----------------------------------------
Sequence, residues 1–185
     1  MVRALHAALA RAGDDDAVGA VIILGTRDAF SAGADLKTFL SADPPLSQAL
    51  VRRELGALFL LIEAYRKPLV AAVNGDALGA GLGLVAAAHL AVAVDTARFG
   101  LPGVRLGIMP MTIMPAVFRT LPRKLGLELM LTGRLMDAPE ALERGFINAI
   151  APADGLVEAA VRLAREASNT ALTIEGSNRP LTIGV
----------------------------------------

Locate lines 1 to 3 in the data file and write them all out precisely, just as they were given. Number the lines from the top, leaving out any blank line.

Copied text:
Sequence, residues 1–185
     1  MVRALHAALA RAGDDDAVGA VIILGTRDAF SAGADLKTFL SADPPLSQAL
    51  VRRELGALFL LIEAYRKPLV AAVNGDALGA GLGLVAAAHL AVAVDTARFG